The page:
The sector ‘woke up late’ to the dangers this implied – associations are not merely a different legal form from commercial companies, but they work differently and for different purposes than companies, and therefore it is essential to recognise these specificities and make a space for them in the internal market rules. Otherwise their work and their vital contribution to European society will be lost.

Mr Reuter said that it was vital to finally recognise a specific status for European associations . He recalled that a majority of the European Parliament has put its support behind the call to establish this legal status. There is huge opposition from the member state governments, because they fear the effect on their own domestic systems. For the Commission’s part, there is a lack of motivation because they only think in economic terms, however if one thinks from a logic of service provision, the statute is needed.

Benoît Mychak of the CNJAEP presented what he called the worries of youth and non-formal education activists. Since the Monti-Kroes package in 2005 there has been a resurgence in calls for offers of service from local authorities, encroaching on the role of non profits as service providers. While Reuter was talking about ‘advances’ made by the Almunia package, from the standpoint he represented these advances seem very marginal.

Mr Mychak judged that this is a threat to the innovating capacity of the sector, and a threat to its ability to identify and tackle new and emerging social problems.

Katerina Wegner underlined the fact that many of the services under discussion simply aren’t profitable or competitive when provided to the adequate standard of quality – the question in this sector is usually not how to organise competition, but where to find funding. Ms Wegner pointed out that there have been zero cases of abuse of state aid, and no cases where service providers in receipt of public funding have had to pay it back due to contravention of the EU rules. Diakonie is happy about the progressive movement in the de minimis threshold – it is now €500 000 over 3 years in stead of 30k in one year. Ms Wegner said that it is important for stakeholders to use their connections to national level to get the word out that the new regulation is an improvement, and that it provides a workable framework for the smaller non profit organisation.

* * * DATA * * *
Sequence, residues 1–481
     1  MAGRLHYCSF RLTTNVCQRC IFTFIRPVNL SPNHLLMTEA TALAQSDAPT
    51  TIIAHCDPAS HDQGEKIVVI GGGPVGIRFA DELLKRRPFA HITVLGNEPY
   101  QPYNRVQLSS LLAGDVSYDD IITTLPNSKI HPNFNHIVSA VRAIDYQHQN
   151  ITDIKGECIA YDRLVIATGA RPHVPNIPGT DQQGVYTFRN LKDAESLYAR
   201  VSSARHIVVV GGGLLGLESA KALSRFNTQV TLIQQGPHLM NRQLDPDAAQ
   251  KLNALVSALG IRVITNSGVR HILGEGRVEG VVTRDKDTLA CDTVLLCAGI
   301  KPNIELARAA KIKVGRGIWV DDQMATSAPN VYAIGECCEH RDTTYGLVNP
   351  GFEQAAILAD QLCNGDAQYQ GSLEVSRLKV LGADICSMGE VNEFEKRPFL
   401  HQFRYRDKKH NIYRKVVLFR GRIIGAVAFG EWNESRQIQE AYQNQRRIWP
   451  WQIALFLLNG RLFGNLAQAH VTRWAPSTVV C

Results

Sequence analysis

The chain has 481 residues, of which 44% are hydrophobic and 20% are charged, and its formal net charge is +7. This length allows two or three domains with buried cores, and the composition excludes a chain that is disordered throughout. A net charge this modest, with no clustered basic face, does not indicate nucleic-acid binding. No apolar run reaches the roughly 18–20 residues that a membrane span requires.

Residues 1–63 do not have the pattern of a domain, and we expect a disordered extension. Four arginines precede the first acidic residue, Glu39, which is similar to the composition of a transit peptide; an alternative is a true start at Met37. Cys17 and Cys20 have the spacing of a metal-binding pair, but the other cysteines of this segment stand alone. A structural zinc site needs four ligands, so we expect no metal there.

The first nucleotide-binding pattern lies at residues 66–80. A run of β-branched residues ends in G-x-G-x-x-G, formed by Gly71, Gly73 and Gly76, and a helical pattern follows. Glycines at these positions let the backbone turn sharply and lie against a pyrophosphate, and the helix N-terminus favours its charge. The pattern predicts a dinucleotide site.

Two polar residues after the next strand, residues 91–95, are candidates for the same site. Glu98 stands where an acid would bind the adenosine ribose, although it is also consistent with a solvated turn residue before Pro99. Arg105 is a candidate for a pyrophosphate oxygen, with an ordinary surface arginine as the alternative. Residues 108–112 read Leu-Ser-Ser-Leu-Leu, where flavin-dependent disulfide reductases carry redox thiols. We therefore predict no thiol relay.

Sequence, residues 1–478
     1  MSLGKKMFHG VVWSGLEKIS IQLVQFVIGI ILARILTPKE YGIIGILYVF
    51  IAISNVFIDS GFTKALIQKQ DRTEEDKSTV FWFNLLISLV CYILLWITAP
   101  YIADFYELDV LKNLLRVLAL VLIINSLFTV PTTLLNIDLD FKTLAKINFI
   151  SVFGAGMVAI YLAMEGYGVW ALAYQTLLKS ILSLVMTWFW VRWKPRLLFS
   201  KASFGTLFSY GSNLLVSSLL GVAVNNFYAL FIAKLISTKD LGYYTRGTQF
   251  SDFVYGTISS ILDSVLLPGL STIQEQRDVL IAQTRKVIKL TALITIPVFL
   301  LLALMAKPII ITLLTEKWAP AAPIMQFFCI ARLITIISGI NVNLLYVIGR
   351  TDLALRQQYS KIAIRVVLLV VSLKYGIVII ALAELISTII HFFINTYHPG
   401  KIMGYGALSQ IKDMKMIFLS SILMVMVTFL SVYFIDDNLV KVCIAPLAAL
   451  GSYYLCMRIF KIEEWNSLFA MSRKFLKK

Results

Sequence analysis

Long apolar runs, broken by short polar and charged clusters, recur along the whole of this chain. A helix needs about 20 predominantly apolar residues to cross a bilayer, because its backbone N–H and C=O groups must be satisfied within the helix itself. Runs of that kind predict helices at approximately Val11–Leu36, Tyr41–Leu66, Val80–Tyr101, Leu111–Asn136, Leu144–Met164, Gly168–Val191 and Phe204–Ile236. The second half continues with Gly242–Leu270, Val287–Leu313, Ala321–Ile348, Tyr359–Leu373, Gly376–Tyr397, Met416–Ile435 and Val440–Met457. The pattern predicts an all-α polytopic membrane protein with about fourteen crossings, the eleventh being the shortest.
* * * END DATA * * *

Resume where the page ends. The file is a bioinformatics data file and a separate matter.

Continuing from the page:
Marie Christine Vergiat MEP underlined the problem that, as ever, the European Commission standpoint is starting from an economic ideology and ignores in this case the reality of the mode of intervention acting on social problems. Therefore it fails to grasp that the services being provided to respond to social needs may arise spontaneously from a citizen effort, and not at all be the result of a request or order from a public authority. These citizen initiatives have nothing whatsoever to do with the market.

Ms Vergiat asked when will there ever be a real examination of the full meaning of article 14. She said that under the prevailing state of affairs, the social needs are not considered worthy of protection, even if competition in the single market is. Conny Reuter assented to this view saying that when it is possible to explain to 27 member states that social services are not something which can be regulated by the market, but indeed it is about social needs, citizens needs, then progress will have been made.

Do you have information or experiences to share regarding state aids for non profit service providers? Contact CEDAG secretariat to disseminate your story!